Why did I buy that?

A coffee first thing in the morning after a bad night of sleep. A packet of mints after that burrito you bought at lunchtime. An online purchase during the latest Amazon sale. Spending money isn’t wrong. We can’t avoid it, but what’s worrying is the alarming number of us who don’t realise how we’re spending our money.

With phrases like ‘retail therapy’ and shopping now a common leisure activity, it’s no surprise that we’ve developed a desire to spend money to get what we want now without really thinking about it.

We’ve all had to deal with the guilt of buying something we don’t really need but doing so anyway.

So, why do so many of us do this? It’s all down to our brain. When you see something you want, it triggers the nucleus accumbens part of your brain. This patch of tissue is active when you receive a reward e.g. through food or money. When you then see the price of something, this stimulates a part of the brain associated with pain. If you look at the experience of shopping for those who are addicted to spending, they’ll often feel the pleasure of a purchase more than the pain of the price (or they may just be blind to the price and focus on satisfying their need immediately). On the other hand, thrifty individuals are more sensitive to the pain of the price and find it easier to move on from the purchase or find a better deal elsewhere.

When you see something you want, it triggers the nucleus accumbens part of your brain. This patch of tissue is active when you receive a reward.

Hack your brain to stop spending unconsciously

All the knowledge in the world about how your brain works is no good unless you change your behavior. Here's our guide:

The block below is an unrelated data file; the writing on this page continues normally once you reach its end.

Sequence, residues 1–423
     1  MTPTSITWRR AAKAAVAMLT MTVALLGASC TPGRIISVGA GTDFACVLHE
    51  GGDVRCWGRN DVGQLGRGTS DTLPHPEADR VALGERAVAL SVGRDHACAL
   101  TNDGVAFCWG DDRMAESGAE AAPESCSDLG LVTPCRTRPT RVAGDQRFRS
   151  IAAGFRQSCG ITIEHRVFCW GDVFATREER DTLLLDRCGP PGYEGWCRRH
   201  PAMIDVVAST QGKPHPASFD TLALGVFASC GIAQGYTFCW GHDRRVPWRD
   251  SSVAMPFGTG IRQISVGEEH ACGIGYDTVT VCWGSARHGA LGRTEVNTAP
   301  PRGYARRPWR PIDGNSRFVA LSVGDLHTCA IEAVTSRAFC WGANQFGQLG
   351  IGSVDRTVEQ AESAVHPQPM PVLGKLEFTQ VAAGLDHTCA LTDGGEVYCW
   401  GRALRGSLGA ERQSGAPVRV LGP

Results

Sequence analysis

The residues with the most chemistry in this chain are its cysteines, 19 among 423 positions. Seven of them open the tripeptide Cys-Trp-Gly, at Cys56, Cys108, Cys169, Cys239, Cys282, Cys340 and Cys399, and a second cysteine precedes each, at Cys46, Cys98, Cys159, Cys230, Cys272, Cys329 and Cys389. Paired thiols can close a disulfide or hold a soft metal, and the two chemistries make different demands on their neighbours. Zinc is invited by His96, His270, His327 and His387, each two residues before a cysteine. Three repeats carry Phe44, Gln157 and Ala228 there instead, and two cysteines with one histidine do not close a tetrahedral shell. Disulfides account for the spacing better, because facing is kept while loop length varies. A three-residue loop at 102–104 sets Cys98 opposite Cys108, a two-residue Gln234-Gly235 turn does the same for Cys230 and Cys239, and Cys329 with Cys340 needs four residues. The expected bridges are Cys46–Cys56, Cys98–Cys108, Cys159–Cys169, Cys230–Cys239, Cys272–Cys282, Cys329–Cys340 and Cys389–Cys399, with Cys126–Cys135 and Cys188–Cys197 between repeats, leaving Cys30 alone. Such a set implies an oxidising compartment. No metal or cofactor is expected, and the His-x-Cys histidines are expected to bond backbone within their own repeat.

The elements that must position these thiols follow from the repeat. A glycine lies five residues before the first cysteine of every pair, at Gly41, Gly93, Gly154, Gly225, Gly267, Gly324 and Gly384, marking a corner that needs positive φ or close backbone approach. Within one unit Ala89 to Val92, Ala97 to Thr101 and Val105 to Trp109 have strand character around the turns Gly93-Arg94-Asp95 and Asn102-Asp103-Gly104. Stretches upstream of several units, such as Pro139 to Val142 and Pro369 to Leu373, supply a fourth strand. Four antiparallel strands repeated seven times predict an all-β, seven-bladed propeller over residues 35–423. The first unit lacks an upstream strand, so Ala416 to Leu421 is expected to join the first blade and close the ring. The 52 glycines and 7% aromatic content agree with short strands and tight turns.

Track your spending. Tracking your spending will help you become more aware of when, where and how you spend your money. It sounds simple, but it’s harder to implement when you don’t note down what you’ve spent immediately after the purchase, hold on to receipts or look at bank statements.

Track your saving. Turn saving into a more pleasurable activity by tracking how much interest you’ve earned and tracking how much you have accumulated on a regular basis. Recognizing your achievements is key in sustaining behavior change.

Consider opportunity cost. When you’re about to buy something, consider how much you’re going to use it or what else you could do with that money instead. You may be able to take that trip you’ve been talking about for months with your partner or you could help a business with its cashflow problems by putting your money into Funding Circle. Read more about peer-to-peer lending here.

Plan your spending. Every time you think of something you need or want add it to your wish list. This way you won’t forget it and when you come to review the list you may realize that you no longer need it. Plan your meals for the next few days, create a list of groceries for the meal plan and then stick to it when you go shopping. Try to also avoid being hungry when going to the shops for groceries.

Acknowledge what you already have. Go through your possessions regularly. Declutter, reorganize, donate, sell and dispose of anything you haven’t used for 12 months. Why 12 months? When it comes to clothing you’ll have gone through all the seasons and have an idea of what you wear throughout the year. If you feel overwhelmed by how much you own and you want to downsize then use techniques to break up the big task. My favourites include The Minimalists and Zen Habits.

Use the 30-day rule. Don’t let your brain decide right now whether an impulse purchase is right. If you haven’t planned for something but feel that you want it right now, ask yourself the following questions: Do I need this? Can I afford this? Have I looked elsewhere to see if I can buy it at a better price? If you can’t say yes to all three of these questions, don’t buy it.

What else do you do to help you stay conscious about spending?

If you enjoyed reading this article, you may enjoy the following articles by Maureen McGuinness: